- It's Mark Neumann's extremism that comes from Neumann's church, the Wisconsin Evangelical Lutheran Synod (WELS) instructing its members in explicitly anti-Catholic, anti-Semitic, anti-choice and anti-gay teachings; hate that does not play well in Wisconsin no matter that Neumann calls his hate "morals," "ethics" and "values". Hate will make Neumann a weak candidate in the general election. -
Neumann's political decision-making process—that in Neumann's own words is directly guided by his religion—micromanages its members' lives in a manner that is exclusionary, bigoted and hateful.
Heartland Hollar had a piece out last May, Neumann's the One, linking to an interview with Christian Life Resources, a religious organization that "subjects itself to the doctrine and practice of the Wisconsin Evangelical Lutheran Synod."
And as the Christian Life Resources interview and another interview, Faith in the Political Arena, make clear, it is Neumann who makes his religion the public basis upon which he seeks public office, specifically citing scripture text as interpreted by his church. So we're supposed to ignore it?
We expose the hate, and come next Tuesday wish for Mark Neumann, a gifted man in many respects, to be the GOP gubernatorial nominee. Wisconsin will not vote hate, progressives believe: Call it "faith."
Christian Life Resources Interview
- Clearly Caring Magazine, Sept/Oct 2008, Vol. 28, No. 5
Will you run for office again?
The words of James 4:13-17 are useful tools in planning my life. If it is the Lord's will I would consider it a privilege to run for office again and serve the people if elected.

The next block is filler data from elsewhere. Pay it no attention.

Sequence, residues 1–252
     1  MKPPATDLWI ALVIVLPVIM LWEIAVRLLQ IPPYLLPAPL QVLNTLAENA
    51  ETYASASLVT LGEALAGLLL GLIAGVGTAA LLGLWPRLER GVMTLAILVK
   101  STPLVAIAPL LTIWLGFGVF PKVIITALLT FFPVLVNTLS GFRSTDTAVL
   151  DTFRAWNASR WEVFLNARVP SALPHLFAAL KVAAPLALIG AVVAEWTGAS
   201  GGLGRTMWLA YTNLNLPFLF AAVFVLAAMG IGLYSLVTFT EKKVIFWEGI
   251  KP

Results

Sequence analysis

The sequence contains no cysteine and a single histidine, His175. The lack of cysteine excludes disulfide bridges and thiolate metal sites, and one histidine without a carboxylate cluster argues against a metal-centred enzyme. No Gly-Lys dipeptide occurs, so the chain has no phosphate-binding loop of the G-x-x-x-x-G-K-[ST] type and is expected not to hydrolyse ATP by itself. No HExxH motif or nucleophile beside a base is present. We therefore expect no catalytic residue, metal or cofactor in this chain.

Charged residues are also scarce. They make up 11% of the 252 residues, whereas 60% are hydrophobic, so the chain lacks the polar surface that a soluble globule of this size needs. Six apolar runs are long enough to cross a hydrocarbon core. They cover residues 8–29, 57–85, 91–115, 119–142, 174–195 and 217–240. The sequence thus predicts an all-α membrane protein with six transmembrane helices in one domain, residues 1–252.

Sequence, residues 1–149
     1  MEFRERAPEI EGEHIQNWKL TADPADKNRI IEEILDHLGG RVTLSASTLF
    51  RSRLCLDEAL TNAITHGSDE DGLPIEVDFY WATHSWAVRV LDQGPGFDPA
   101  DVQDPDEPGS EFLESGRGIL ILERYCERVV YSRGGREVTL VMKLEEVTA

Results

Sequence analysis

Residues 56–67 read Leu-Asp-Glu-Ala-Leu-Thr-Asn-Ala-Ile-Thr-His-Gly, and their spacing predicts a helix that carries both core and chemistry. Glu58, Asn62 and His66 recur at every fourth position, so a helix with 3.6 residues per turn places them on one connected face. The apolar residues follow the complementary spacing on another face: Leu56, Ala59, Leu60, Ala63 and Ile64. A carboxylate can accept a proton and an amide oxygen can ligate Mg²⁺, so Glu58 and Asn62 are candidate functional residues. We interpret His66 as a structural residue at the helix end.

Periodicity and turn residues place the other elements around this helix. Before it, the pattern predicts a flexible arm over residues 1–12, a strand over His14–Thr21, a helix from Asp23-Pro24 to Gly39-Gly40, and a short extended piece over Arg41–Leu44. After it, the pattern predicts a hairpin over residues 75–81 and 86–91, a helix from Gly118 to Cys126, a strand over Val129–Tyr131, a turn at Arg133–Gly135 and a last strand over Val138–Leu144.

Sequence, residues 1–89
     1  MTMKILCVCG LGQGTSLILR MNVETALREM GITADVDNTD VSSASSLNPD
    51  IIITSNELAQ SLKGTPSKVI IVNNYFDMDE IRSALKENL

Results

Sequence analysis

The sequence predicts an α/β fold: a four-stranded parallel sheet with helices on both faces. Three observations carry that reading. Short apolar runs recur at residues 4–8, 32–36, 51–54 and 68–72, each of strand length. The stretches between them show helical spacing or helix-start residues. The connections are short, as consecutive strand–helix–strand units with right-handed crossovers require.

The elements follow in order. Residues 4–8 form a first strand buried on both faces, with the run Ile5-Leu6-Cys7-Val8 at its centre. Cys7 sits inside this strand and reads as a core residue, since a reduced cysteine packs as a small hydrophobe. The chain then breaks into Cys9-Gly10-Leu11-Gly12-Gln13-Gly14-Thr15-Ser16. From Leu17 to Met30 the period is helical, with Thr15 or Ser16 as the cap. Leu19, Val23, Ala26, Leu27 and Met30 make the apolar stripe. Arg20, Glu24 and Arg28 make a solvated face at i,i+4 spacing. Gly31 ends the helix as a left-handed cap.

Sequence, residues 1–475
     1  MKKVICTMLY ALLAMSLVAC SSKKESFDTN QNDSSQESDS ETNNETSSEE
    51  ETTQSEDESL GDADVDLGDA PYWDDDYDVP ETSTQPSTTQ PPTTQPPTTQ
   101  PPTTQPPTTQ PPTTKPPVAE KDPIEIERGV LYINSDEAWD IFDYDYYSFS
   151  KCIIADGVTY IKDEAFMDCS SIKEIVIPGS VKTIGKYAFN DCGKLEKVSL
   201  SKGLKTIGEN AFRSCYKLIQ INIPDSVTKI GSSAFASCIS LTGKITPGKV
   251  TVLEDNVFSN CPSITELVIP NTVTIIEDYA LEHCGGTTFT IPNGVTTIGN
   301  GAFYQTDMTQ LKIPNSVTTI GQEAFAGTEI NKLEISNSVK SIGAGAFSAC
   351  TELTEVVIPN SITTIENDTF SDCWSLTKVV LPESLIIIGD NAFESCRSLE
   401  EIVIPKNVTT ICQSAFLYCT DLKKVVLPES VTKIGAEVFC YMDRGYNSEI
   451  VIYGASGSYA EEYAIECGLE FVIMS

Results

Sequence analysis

Was there any portion of God's Word that you leaned on while serving in public office?
The most worn page of my Bible referenced Matthew 6:25-34 where Jesus tells us not to worry. James 1:2-7 also reminded me that trials lead to maturity and that wisdom will be provided to those who do not doubt.
Asked how he made his decisions in Congress in an interview with the WELS Communication Services Director, Neumann replied, "What we did in our office, and Sue (wife) helped me a lot with this, we established a checklist, so to speak, on any bill that would come before us. And we'd ask ourselves first, 'Is there a moral or ethical reason to a cast a vote in any particular way.' And if there was, it didn't' matter what anybody else said to me, we were going with the morals and ethics first."
[This an edited version of a previously published piece.]
Mark Neumann in His Own Words
Mark Neumann: The Mean Machine
Mark Neumann for Gov. - Please Jesus, Yes!
Mark Neumann's Church: An Unfair Topic?
Mark Neumann Is Ready, Wisconsin Is Not